But, and it is a big but... of those I have asked personally, so far... the ones who most enjoy reading off screen (kindle or other e-reader, as opposed to the PC screen or laptop) are non-fiction reders.

Interesting?clanib

April Brown said...

I agree with the way you see things, I am just not a salesperson. I believe in doing what I can and letting me show through.

Problem is, so many people don't believe a product can be any good without a salesperson beating them over the head with the dead fish.

daoine said...

One slightly worrying trend I'm seeing is that people are wanting more and more for free. A tangible book that you pay for before you walk out the bookstore is one thing, but an electronic file to download? Not so much.

Lauri said...

Bonita and April- Maybe not. Maybe whole new businesses will crop up who do that work for you so you can just write. Maybe that will be the work of the agent.
Heather- You're right. Things will only work if everything opens up. I do think the internet actually leans towards antimonopolies.

Sue- For me though I have the web presence we need to jump on the technology boat here in Southern Africa. South Africa is perhaps better and I've thought of trying to open an account there.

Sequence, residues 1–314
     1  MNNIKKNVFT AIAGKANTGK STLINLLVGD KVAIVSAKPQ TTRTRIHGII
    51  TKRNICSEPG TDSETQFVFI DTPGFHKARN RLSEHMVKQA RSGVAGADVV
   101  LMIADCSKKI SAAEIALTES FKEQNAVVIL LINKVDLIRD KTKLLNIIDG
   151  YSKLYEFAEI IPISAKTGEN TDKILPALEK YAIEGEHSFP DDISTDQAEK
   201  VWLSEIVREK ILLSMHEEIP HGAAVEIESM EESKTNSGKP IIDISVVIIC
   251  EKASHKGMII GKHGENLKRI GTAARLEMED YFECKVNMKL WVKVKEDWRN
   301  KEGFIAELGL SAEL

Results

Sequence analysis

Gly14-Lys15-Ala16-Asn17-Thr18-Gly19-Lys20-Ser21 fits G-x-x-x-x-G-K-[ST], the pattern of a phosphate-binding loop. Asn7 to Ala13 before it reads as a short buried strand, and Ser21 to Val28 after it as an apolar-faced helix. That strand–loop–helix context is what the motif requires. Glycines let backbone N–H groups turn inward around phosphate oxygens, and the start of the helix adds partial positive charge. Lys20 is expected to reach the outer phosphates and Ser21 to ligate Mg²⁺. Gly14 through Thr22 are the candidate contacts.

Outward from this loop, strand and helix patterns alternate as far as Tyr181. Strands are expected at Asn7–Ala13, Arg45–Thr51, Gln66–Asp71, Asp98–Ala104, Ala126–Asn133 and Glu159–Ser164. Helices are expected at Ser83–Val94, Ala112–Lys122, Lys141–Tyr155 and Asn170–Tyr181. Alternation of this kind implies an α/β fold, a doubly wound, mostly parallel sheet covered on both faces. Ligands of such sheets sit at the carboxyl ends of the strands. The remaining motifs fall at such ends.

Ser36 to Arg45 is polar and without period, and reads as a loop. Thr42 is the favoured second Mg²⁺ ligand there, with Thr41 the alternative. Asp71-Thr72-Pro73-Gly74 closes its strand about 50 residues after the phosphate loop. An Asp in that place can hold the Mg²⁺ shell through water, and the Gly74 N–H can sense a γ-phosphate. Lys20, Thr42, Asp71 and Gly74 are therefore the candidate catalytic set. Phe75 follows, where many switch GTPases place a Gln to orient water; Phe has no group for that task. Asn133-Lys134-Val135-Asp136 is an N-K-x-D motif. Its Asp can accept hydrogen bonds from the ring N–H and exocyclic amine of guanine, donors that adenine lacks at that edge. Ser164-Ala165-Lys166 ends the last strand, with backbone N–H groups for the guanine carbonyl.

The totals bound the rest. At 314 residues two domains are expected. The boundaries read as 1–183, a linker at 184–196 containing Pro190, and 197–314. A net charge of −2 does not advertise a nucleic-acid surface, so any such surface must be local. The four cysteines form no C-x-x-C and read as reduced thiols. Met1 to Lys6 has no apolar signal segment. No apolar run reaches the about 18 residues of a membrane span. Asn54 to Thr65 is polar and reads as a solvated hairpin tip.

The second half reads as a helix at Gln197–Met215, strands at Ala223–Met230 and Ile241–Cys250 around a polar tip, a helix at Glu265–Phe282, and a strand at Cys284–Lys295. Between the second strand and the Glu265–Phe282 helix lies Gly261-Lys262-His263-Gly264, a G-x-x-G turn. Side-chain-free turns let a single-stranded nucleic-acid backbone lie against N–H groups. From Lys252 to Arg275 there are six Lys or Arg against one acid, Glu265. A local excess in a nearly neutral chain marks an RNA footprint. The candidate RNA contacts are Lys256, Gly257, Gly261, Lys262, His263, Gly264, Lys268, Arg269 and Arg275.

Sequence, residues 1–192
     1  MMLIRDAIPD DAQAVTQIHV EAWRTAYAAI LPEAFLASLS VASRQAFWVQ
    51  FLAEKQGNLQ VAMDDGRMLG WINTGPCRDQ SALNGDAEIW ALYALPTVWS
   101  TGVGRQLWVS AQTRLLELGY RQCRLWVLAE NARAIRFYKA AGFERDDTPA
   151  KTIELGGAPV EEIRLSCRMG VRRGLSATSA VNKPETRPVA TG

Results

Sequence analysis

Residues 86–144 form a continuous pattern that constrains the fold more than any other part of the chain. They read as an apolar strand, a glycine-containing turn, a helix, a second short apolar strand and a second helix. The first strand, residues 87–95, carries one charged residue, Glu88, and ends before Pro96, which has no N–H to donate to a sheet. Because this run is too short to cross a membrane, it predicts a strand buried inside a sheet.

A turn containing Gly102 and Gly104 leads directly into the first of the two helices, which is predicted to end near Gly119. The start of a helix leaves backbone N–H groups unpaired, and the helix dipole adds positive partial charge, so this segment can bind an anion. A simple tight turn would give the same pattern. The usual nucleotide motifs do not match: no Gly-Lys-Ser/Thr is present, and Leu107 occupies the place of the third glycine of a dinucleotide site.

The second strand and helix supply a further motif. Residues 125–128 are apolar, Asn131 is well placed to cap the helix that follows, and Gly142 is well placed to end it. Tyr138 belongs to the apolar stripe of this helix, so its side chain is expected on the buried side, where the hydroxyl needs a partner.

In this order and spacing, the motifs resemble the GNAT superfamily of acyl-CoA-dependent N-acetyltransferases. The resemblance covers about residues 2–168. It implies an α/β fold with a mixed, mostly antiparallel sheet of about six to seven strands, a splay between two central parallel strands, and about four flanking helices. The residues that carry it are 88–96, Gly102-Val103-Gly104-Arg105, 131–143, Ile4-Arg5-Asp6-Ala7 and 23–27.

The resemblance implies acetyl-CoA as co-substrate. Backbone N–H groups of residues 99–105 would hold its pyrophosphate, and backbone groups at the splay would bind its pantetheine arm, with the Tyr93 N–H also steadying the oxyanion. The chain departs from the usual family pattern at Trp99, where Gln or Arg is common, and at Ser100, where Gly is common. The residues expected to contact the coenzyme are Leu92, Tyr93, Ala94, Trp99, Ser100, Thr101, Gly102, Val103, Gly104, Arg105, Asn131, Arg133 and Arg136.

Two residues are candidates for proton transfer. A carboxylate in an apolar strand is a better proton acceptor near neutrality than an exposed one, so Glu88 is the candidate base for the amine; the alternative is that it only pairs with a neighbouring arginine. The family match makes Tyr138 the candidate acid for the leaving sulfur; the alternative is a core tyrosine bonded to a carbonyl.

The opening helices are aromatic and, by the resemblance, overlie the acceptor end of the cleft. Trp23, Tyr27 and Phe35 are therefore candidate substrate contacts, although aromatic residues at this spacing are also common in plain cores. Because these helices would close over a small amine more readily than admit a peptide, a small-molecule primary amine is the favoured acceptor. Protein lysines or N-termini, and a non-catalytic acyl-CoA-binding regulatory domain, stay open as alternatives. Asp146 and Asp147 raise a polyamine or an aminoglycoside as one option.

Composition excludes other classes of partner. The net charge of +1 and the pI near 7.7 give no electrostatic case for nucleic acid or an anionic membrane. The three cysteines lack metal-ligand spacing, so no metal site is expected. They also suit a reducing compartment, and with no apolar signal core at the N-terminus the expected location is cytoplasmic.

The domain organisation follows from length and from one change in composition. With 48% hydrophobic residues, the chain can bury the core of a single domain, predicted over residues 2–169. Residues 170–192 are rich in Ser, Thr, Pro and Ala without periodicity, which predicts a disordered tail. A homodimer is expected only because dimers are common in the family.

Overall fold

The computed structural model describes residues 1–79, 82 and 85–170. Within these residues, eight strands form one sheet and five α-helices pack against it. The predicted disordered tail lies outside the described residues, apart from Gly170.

Vanessa- I think everything is still new and has kinks that need to be worked out.

Daoine- That is definitely the problem. Newspapers are currently grappling with that issue. I don't know. Perhaps at the start no ebooks should have been given for free, but it's aleady too late for that. Alternatively, maybe you give the first chapter for free and then the reader gets to decide if they want the rest. Puts a lot of stress on us writers to have a whopping first chapter, though. :(

DavidM said...

TORONTO (Reuters) - As music lovers approach a new decade in this still-young century, a recording technology once considered old and obsolete -- vinyl -- has been making a strong comeback.
http://www.reuters.com/article/idUSTRE5B74PV20091208

Yes, vinyl records are making a strong comeback, and people still listen to the radio, and go to see plays at the theatre despite the fact that medium has been dying and reviving and dying since the invention of film and TV. E-publishing won’t replace paper publishing like the car replaced the horse and buggy. These two publishing modes will co-exist.
Another thing I’d like to mention is that I keep hearing that books are dying but I travel to from work (in Sydney) by train and there are always heaps of people (from boomers to Ys) reading books –in fact, a lot of them will have a book and a whole host of technology around them, mobile (cell), i-pod, notebook etc.
DavidM

Helen Ginger said...

I don't think books are dying, but the way we read is definitely changing. I haven't bought an e-reader. I keep thinking someone will come out with the definitive reader that will download any and all books and be cheap and easy to read in any light and... yeah, I know, I'll give up eventually and just buy one.

Helen
Straight From Hel

Selma said...

I think that the whole ebook thing is a good thing although I prefer an actual book myself. One of the problems for me with the publishing industry is that books are just so expensive. I went to buy a paperback the other day and it was $34.95. I just can't afford that so I may look at investing in an ebook reader instead.